So the good news is that we don’t need to undergo an actual heart transplant to find our brave voices. Our factory equipment hearts provided by God are full of wisdom, love and courage. But like our physical hearts our spiritual cardio-vascular system can also get clogged up by fear and weakened by lack of use. But no matter how weak or spiritually dead we think we are, no matter how long or how often we have failed to walk the walk of courageous and compassionate faith, Lent is another opportunity to take the inward journey to rediscover the depths of wisdom and courage God provides for the living of this day and every day.

To pray to God for a wise and brave heart is a first step on the journey, like when we realize we need to see a health care provider and live a more heart-healthy lifestyle. And even if we feel spiritually dead with a heart of stone, God is always ready and willing to do CPR or jolt us back to life with a defibrillator. God has an impressive record of bringing people back from both spiritual and physical death.

God nurtured Elijah back to health and courage on Mt. Horeb; gave Jesus the strength he needed to carry on in the Garden of Gethsemane; and turned that bunch of cowering fishermen hiding in the upper room into a band of leaders who turned the world upside down. God gave Ruth the courage to stay with Naomi; helped the Samaritan woman at the well bare her soul to Jesus, and blessed Mary Magdalene with a whole new demon-free life. Brave hearts pray “Not my will but thy will be done. Brave hearts beat to the rhythm of Isaiah’s response to God’s call in the year that King Uzziah died (Isaiah 6) or Mary’s brave response to God’s most incredible request to bear his son. The brave peasant girl said: “I am the Lord’s servant. May your word to me be fulfilled.” (Luke 1:38).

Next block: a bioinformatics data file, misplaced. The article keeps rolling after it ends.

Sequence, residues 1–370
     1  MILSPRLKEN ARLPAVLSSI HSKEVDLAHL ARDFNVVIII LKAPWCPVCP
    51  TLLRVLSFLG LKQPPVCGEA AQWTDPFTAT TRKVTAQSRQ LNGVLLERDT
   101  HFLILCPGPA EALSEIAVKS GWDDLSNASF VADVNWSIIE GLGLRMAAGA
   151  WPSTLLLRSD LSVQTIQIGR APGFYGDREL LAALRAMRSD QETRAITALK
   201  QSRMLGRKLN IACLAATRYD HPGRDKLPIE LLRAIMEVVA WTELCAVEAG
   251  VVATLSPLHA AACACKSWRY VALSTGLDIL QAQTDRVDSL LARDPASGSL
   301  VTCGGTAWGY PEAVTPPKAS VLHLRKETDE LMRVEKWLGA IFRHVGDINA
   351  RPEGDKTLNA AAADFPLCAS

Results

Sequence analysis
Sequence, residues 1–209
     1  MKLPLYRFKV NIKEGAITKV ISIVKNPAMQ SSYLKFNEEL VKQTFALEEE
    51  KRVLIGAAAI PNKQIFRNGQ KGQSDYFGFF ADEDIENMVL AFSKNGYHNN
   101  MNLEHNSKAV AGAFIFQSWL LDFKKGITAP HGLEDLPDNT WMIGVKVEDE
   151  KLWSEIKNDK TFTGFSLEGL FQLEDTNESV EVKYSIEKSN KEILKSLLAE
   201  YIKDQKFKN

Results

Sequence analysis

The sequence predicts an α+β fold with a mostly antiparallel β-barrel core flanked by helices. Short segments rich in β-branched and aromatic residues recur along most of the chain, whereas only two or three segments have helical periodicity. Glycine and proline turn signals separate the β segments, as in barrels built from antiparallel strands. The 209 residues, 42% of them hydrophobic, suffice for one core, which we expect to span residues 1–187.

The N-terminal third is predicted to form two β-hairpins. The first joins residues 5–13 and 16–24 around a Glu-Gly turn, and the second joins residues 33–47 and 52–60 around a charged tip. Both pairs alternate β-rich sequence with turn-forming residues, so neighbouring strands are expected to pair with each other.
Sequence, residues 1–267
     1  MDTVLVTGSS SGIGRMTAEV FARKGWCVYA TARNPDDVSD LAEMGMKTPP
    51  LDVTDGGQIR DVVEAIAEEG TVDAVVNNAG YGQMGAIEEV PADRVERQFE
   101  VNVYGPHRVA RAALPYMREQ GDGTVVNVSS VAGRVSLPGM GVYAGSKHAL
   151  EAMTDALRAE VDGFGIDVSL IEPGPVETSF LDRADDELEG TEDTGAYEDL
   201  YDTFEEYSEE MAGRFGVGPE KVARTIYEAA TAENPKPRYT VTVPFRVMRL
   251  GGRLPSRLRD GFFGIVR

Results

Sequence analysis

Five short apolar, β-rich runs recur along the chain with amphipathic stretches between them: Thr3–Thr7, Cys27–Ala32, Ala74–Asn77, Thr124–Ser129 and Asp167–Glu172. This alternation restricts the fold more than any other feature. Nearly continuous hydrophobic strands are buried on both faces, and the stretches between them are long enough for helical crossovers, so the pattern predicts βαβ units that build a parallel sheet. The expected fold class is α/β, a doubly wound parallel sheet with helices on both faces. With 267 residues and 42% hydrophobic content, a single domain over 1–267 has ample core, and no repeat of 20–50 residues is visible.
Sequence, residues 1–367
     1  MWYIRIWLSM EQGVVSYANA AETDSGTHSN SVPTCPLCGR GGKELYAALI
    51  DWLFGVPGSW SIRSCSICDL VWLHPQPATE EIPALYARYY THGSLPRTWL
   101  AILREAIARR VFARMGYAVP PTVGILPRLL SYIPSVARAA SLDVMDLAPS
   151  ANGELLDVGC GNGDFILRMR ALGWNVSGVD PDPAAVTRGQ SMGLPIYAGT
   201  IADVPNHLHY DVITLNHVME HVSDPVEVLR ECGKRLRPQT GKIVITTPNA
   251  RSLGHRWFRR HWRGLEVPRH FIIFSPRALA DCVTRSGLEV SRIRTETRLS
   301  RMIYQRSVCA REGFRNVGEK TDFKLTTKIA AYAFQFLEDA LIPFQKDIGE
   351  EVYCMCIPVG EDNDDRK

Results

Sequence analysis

And in Lent 2017 God still asks, “Whom shall I send?” and brave hearts sing (and mean it) the chorus to “Here I am Lord:”

“Here I am Lord! Is it I Lord? I have heard you calling in the night. I will go Lord, if you lead me. I will hold your people in my heart.”

Do we mean it? Do I mean it? Our actions and lives will show the world what kind of hearts we have.

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A Wise Heart


While meditating on Psalm 90 again today my ears were tickled by verse 12: “So teach us to count our days that we may gain a wise heart.” Other translations say “that we may gain a heart of wisdom.” What does it mean to have a wise heart? Conditioned as our western minds are by Descartes’ “I think therefore I am” philosophy that locates the seat of knowledge in the head, the notion of a wise heart seems anatomically incorrect.